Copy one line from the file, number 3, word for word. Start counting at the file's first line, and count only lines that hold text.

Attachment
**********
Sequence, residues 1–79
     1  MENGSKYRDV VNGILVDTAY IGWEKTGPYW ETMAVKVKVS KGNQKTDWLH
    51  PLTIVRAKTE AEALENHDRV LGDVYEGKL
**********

    51  PLTIVRAKTE AEALENHDRV LGDVYEGKL